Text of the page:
The hero of Sinai
First broadcast date
The film tells the story of a little Egyptian boy, Salah, during the occupation of the Sinai by Israel following the 1967 six day war, and the events leading to the war of October 1973, called the Kippour war. The young Salah is chosen to spy on the Israeli army. In fact, as he is not ten years old, he could gain their confidence.
ERTU - Channel 1
Contemporary historical challenges 19th-20th c.
- Art, Culture and Knowledge / Media
- Egypt - Lower Egypt - Port-Fouad
Hero of the Sinaï
June 5th 1967, after several months of tension between Israël and its Arab neighbours, the Jewish state launched a massive, lightning offensive, concentrating a large part of its air force against Egypt. The Egyptian air force was destroyed on the ground and in just a few days the Egyptian, Syrian and Jordanian armies were defeated.The immediate consequence of this war, known as the "Six Day War", was to triple the size of Israel's territory, particularly since it now occupied the Sinai peninsula. The war of Yom Kippour in October 1973 enabled the Egyptian army to win back a little of its lost prestige by briefly taking back the pensinsula and crossing the Suez canal. But even so Egypt was not able to recover its lost territory. It had to wait until the Camp David agreement of 1978 and the 1979 Israel-Egypt treaty to get the Sinai back.
This amputation of national territory was a long interlude which has left traces in the Egyptian national consciousness at many different levels. Here, forty years after the event, the memory is expressed as a piece of educational fiction.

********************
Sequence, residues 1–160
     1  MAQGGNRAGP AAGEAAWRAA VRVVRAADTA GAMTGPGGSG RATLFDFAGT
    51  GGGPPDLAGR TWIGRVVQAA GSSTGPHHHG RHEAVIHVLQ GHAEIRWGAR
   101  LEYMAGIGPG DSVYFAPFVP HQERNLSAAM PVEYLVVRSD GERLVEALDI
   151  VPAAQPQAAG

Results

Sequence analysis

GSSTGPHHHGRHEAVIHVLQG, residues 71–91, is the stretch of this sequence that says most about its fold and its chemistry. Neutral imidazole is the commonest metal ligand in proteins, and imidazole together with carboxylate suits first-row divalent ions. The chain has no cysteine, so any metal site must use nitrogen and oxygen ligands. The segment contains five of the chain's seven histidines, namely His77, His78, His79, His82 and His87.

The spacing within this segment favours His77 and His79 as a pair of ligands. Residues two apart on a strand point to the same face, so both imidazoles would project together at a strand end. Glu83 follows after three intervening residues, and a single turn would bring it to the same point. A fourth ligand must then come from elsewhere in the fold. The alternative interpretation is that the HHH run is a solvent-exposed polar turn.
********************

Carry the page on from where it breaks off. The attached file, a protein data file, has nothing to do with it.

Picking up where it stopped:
The cartoon film made by Zeineb Zemzem is a piece of classic animation, and the first episode can be viewed. It opens in a peaceful Sinai, suddenly bombarded and then occupied by the military, with the the Israeli flag now flying over it. Saleh, a ten year old boy looking after his family's flocks, lives with his parents in the occupied zone. He is noticed by a man working for the Egyptian mukhabarat (secret services). The agent convinces his superiors that the young boy's sense of observation, his alertness and patriotism could be useful assets in an area closely controlled by the Israeli army. Indeed the the boy starts to pass on information to the Egyptians which could help a re-conquest of the Sinai.
More than the war of 1948, the defeat of 1967 traumatised not just Egypt but the entire Arab world. Even if the 1970's later confirmed the strength of the Palestinian resistance and the oil states' emergence as a regional economic power, the Six Day War created a deep fissure across the whole region. Israel's defeat of the Arab armies signalled the end of any utopic pan-Arab dream as well as the Arab left's loss of influence. It also played a considerable role in making the future leaders of political Islam aware. Works of all sorts which use the Six Day War as a theme, like this animated cartoon, are probably in some way a form of catharsis for this trauma.
Hazan Pierre, 2001, 1967 La guerre des Six Jours, Paris, Editions Complexes.
Morris Benny, 2003, Victimes. Histoire revisitée du conflit arabo-sioniste, Paris, Editions Complexes.